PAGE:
Humans are a bucketful of biases

We can be blind to the obvious, and we are also blind to our blindness.

Daniel Kahneman

Decisions we make, as investment professionals, are very important for our clients’ wealth and wellbeing. This goes for the whole investment industry, especially for those in wealth management. That is why Thinking Ahead Institute spent over a year researching this topic in 2018. And why it is just as relevant today.

Individuals and groups are prone to errors in judgment. Sometimes it’s random and sometimes it’s because of our biases. And let’s be honest, humans are a bucketful of biases.

Daniel Kahneman talks about this in his bestselling book Thinking, Fast and Slow. He says our brains have two main modes: System 1 and System 2. System 1 is quick and instinctive, while System 2 is slower and more logical.

System 1 is always tossing ideas to System 2 based on our gut feelings and first impressions. But sorting through all this can be tricky.

Imagine you’re driving a car and suddenly encounter a roadblock. Your immediate reaction (System 1) might be to hit the brakes or swerve to avoid the obstacle. However, you also engage System 2 thinking to assess the situation more carefully. You consider the signage, traffic cones, and workers around to make a reasoned decision about the best course of action. System 1 reacts quickly to the unexpected situation. System 2 provides the necessary analysis and decision-making to navigate safely.

However, both systems are prone to biases. Our senses are collecting information all the time, most of which is irrelevant to the decision you are making. Over 11 million pieces of information hit our brain every second, but our conscious mind can only deal with about 40 pieces of them.

This is bad news for decision making because System 1 does not produce meaningful narratives when it sends ideas over to System 2. And System 2 cannot deal with lack of meaning or with information overload.  

To cope, our brains filter aggressively and make mental shortcuts. Financial planners and clients frequently utilise these mental shortcuts when processing large amounts of data, leading to errors in judgment.

One of these shortcuts is confirmation bias. This is when we only look for, interpret, favour, and recall information that backs up what we already believe.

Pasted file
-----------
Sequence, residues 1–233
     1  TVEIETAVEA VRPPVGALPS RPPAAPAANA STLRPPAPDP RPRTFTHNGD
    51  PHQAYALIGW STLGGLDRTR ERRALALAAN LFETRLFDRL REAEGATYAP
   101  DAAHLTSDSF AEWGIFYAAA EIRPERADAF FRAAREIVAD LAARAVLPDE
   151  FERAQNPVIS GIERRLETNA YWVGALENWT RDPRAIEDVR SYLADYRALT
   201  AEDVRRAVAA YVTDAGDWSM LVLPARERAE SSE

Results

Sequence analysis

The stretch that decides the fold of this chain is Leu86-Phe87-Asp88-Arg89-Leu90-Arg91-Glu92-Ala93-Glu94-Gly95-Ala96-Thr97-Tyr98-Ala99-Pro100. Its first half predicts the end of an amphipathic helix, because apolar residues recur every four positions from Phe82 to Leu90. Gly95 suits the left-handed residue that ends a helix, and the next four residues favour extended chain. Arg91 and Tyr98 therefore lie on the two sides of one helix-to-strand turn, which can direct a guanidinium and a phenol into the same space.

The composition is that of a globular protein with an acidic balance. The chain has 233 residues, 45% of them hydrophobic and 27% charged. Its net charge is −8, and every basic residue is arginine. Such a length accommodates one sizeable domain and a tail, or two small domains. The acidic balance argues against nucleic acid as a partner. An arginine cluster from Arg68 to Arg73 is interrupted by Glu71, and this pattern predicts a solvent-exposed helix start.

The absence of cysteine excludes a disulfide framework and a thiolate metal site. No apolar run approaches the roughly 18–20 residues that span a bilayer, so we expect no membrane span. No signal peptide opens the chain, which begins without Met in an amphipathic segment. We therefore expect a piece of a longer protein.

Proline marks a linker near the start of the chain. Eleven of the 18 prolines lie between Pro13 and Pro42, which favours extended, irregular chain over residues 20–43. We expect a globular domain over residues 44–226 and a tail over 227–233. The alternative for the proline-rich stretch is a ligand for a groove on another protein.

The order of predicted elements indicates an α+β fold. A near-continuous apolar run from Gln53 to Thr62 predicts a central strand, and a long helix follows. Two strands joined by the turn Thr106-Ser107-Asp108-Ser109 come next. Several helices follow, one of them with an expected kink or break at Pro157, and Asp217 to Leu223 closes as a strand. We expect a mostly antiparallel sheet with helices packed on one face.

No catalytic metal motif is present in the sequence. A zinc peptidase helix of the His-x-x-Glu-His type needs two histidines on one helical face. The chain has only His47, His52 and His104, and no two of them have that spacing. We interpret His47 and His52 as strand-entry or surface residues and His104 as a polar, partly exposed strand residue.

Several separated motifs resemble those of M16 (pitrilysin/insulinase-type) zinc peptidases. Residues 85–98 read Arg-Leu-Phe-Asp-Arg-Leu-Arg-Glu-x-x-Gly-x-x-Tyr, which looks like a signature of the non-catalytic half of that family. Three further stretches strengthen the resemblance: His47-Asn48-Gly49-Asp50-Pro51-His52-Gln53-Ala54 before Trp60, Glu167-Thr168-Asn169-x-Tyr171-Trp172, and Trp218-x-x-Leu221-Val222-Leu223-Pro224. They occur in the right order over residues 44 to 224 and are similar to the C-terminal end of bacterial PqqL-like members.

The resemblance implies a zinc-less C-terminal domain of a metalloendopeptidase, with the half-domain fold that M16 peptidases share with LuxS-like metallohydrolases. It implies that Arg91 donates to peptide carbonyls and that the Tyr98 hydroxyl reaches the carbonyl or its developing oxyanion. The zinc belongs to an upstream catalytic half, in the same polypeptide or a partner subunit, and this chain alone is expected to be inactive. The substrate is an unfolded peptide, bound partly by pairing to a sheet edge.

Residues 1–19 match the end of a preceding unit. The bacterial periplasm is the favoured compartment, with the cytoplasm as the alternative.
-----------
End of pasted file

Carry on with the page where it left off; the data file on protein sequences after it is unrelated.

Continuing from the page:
For example, a client, who loves real estate, seeks out news and cherry picks data that supports their instinctive preference (System 1) without embracing deeper analysis (System 2). Then they ignore advice to diversify their investments and end up losing big when the real estate market crashes.

To deal with bias, planners need to get to know their clients investing and risk-taking profiles. They also need to come up with investment approaches during calm times to prepare for bumpy markets. And they should back up their advice with data, not just gut feelings. Looking back on past experiences with other clients can also help spot bias and guide their clients toward better choices. And of course, advisers should act in their client’s best interest. This is all about professionalism and ethics.

And it’s not just clients who fall into this trap, it’s financial planners too. They might get too hyped about a certain investment, like renewable energy, because they consider themselves ‘green’. So, they overlook the risks and there’s trouble when things go south.

To combat this, planners and their teams must recognise their own bias. They can use tactics like pre-mortems, storytelling, and getting different perspectives from inside and outside their team to make smarter decisions. And most importantly they can improve the level of cognitive diversity in their team. Cognitive diversity leads to different perspectives on the future. Which leads to better decisions and better investments.

In short, it’s vital for every investor, no matter their experience or what they’re investing in, to consider their biases. Even though it’s uncomfortable, taking a good look helps reduce risks and enables smarter decisions.

Moreover, stay mindful of both systems of the brain. By enhancing your intuitive thinking with critical thinking, you can reduce biases and achieve a more harmonious balance between thought and emotion.

If you are interested in Thinking Ahead Institute presenting to your team on this topic or another contact us.